No evidence oxygen therapy cures disease

Lead Stories spoke by phone on May 11, 2023, with Stephen Cheung, a professor in the Department of Kinesiology at Ontario's Brock University whose research expertise lies in understanding the effect of oxygen on human physiology. Cheung said EWOT is not a recognized term in the field of sports science and confirmed that there is no evidence oxygen therapy can cure disease.

"Hyperoxia, or more oxygen than normal in the atmosphere, can have exercise benefits for high-level athletes," he said. "If you have higher than normal oxygen, theoretically, you have more oxygen going to your muscles and therefore you can work harder. Higher levels of oxygen are not going to do much more for the average person than just exercising itself."

There are also downsides to higher-than-normal oxygen in the body. In exchange for carrying oxygen to muscle cells, the molecule hemoglobin carries carbon dioxide away from these cells and back to the lungs for exhalation.

"If you breathe too much oxygen at too high of a fraction in your body for too long -- yes, you may have more oxygen going to the muscles -- but you also have less carbon dioxide being removed from the muscles."

This excess of carbon dioxide can make human cells acidic and eventually lead to their dysfunction, Cheung said.

Warburg was awarded one -- not two -- Nobel Prizes

Brecka also claimed Warburg "won both Nobel Prizes for his work in exercise with oxygen therapy." Warburg was a German chemist and medical doctor who studied the process of oxidation in the human body, according to his biography on the Nobel Prize website. He didn't prove that cancer was caused by a lack of oxygen but rather showed that "cancerous cells can live and develop even in the absence of oxygen" by increasing glucose, or blood sugar, consumption. Today, this process is known as the Warburg effect:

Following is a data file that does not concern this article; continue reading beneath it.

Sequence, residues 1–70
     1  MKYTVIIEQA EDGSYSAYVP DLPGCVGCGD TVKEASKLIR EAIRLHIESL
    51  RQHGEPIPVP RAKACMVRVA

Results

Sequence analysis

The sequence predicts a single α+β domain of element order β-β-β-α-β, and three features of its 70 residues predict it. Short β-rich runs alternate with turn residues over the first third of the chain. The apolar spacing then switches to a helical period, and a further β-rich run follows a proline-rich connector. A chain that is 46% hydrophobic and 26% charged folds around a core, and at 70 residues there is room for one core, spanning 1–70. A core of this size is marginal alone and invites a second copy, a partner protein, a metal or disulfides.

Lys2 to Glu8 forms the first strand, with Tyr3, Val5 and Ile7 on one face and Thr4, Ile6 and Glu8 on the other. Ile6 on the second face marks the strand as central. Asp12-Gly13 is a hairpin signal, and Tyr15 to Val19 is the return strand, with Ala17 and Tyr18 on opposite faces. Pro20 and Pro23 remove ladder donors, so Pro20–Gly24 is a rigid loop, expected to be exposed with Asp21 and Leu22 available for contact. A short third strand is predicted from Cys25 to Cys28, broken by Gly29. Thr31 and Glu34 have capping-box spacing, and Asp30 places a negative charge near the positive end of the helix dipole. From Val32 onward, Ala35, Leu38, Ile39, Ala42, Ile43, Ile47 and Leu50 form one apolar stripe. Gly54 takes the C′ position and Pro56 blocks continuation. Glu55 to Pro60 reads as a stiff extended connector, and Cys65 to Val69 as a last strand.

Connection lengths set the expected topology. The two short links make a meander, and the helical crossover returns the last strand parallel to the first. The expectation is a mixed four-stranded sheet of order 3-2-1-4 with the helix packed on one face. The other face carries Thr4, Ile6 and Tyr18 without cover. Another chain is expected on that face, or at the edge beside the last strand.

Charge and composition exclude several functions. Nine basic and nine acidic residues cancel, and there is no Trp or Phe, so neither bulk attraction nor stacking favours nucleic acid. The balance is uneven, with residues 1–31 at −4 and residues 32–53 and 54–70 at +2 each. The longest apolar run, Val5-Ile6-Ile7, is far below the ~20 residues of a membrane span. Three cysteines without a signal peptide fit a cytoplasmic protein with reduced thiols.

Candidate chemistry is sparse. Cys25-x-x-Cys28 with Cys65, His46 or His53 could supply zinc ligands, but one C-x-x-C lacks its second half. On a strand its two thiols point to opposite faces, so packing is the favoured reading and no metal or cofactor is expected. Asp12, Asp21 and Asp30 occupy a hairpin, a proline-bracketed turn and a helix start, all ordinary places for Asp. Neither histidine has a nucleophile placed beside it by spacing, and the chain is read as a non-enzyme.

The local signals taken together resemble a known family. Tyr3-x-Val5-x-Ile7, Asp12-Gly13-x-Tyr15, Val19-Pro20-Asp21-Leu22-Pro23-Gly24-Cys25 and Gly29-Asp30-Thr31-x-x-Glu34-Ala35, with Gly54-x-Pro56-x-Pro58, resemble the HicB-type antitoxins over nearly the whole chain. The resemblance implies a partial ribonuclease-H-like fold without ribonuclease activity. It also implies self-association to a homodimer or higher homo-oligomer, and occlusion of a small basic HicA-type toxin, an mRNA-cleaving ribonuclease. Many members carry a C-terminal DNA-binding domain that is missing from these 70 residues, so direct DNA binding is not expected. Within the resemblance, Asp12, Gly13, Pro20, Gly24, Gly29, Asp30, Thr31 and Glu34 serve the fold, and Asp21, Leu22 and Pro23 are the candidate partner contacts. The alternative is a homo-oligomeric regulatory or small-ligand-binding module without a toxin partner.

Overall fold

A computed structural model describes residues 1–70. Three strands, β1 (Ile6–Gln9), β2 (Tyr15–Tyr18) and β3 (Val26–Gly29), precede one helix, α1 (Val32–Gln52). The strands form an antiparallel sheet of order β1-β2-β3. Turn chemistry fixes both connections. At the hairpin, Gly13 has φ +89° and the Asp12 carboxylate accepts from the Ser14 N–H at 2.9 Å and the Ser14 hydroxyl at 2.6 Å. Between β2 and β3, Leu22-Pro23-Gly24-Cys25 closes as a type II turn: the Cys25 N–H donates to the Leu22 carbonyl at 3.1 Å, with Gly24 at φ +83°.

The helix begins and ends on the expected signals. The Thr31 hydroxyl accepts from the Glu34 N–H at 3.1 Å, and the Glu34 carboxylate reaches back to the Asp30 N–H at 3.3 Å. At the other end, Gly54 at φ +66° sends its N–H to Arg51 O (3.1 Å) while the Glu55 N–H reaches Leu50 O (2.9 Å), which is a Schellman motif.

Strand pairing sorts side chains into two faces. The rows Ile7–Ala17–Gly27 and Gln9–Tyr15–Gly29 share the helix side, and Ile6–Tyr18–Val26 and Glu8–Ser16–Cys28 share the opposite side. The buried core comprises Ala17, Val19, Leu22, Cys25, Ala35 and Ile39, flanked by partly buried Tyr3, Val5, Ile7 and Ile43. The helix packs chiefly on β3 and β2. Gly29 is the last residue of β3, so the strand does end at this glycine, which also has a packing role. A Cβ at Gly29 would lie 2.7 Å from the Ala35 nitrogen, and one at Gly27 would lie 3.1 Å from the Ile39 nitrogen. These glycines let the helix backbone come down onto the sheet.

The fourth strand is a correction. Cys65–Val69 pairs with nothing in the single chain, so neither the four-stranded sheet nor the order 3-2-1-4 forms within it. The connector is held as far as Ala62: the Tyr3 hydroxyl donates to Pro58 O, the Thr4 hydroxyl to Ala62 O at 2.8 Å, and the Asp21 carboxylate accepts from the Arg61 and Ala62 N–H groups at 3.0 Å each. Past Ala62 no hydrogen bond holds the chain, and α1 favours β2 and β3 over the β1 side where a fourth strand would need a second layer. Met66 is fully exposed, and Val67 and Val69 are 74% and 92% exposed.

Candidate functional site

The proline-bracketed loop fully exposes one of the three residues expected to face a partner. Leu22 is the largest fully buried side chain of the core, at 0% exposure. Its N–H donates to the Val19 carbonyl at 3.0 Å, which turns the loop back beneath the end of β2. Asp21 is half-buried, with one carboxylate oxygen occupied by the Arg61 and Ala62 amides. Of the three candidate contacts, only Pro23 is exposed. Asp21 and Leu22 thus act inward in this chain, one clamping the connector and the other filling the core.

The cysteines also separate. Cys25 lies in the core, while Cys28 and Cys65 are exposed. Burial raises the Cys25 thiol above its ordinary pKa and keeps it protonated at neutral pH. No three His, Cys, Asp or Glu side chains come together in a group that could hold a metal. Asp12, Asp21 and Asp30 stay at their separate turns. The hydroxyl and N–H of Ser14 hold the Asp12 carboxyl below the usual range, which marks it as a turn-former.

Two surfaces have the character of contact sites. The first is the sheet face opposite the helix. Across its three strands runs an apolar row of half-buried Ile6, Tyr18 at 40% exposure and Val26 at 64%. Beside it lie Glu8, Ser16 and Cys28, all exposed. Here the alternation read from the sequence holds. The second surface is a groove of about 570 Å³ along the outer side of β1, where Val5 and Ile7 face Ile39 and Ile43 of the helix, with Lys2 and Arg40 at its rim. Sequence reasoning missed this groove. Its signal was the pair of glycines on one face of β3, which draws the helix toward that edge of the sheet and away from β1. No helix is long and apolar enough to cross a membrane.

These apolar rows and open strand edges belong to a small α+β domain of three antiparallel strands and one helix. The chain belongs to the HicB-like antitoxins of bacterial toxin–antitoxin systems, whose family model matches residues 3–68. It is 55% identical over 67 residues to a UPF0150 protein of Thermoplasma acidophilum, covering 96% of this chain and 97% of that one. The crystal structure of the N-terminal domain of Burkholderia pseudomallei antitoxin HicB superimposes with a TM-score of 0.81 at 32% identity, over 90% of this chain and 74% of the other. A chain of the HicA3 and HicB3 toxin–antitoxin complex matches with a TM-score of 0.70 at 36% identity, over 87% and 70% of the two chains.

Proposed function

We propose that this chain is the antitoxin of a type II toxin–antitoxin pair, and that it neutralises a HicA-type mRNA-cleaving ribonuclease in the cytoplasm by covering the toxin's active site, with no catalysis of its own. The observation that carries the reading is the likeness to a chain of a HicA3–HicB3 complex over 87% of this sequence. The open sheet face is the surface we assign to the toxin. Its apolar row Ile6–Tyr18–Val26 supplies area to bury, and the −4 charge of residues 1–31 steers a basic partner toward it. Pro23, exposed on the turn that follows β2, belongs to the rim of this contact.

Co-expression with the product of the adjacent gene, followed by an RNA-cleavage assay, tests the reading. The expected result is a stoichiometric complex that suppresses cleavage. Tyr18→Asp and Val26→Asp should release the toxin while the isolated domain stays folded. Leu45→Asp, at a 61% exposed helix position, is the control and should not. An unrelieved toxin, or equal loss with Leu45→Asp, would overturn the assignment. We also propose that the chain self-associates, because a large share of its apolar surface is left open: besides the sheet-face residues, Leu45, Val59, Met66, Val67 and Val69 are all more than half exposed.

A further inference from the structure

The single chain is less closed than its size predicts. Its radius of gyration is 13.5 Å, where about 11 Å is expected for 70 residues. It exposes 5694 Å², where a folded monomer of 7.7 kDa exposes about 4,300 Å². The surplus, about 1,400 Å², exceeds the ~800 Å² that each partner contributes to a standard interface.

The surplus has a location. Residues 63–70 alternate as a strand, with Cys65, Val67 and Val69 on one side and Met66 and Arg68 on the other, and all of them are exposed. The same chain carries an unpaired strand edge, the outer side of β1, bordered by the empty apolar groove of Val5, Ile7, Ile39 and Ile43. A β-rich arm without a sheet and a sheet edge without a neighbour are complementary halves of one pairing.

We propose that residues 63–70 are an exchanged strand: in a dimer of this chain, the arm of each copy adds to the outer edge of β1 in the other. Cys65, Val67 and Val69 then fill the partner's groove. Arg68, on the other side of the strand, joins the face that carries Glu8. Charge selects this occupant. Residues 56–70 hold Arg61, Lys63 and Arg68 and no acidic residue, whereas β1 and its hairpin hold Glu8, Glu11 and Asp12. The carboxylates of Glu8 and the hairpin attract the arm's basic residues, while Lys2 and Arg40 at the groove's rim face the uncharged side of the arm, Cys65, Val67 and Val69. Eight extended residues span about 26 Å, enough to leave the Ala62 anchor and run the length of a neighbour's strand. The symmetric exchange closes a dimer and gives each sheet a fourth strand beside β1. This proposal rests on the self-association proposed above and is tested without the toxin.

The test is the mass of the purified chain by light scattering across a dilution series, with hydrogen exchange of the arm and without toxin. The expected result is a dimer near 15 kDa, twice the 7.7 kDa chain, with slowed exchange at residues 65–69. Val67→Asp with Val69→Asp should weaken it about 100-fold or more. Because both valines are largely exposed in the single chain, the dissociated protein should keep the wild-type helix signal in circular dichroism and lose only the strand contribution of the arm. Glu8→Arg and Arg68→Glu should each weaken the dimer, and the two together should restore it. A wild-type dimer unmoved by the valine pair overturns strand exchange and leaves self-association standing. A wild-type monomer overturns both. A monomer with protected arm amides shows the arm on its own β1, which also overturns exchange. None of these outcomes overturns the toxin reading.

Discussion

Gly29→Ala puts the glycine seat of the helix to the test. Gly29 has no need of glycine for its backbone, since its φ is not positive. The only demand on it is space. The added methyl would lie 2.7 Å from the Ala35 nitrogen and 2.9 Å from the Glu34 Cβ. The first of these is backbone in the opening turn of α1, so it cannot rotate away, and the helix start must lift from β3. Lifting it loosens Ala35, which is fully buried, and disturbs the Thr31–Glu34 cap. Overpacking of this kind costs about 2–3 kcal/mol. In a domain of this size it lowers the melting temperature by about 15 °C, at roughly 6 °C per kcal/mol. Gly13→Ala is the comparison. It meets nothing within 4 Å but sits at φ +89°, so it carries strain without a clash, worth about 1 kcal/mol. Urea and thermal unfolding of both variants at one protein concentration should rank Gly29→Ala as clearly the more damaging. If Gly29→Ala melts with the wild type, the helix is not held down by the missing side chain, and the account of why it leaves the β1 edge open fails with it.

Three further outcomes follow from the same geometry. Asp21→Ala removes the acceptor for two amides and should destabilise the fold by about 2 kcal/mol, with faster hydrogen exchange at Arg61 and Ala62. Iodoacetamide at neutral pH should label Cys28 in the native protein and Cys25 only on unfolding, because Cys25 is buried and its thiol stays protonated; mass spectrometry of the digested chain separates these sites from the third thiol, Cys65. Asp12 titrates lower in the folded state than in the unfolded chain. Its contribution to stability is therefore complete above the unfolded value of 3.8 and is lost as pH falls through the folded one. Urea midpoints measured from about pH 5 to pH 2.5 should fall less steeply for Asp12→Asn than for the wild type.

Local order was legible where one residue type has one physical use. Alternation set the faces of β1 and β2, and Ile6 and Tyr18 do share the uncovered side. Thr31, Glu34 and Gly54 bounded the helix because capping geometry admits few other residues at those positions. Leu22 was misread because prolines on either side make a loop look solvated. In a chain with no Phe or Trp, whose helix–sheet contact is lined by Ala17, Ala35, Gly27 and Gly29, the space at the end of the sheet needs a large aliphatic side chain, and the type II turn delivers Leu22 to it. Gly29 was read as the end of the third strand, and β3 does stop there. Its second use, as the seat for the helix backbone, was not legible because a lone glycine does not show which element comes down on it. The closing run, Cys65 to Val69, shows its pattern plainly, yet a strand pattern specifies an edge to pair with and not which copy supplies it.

Oxygen therapy treats symptoms of some chronic conditions, does not cure disease

EWOT is not to be confused with oxygen therapy, which is defined by the National Library of Medicine as "a treatment that provides you with extra oxygen to breathe in" that is "only available through a prescription." Oxygen therapy employs tanks of liquid or gas oxygen to treat -- not cure -- conditions like chronic obstructive pulmonary disease (COPD), pneumonia, COVID-19, severe asthma, late-stage heart failure, cystic fibrosis and sleep apnea, according to the American Lung Association.

Research suggests that oxygen supplementation during exercise in some patients with COPD may be beneficial. However, in otherwise healthy people, studies show that supplemental oxygen during exercise training does not appear to have any additional benefits when compared to exercising by itself.

Lead Stories has also reported that cancer is not caused by acidity in the body, that there is no evidence that folic acid causes depression and that professional athletes have lived to be 100 years old.

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  Madison Dapcevich

Raised on an island in southeast Alaska, Madison grew up a perpetually curious tidepooler and has used that love of science and innovation in her now full-time role as a science reporter for the fact-checking publication Lead Stories.

Read more about or contact Madison Dapcevich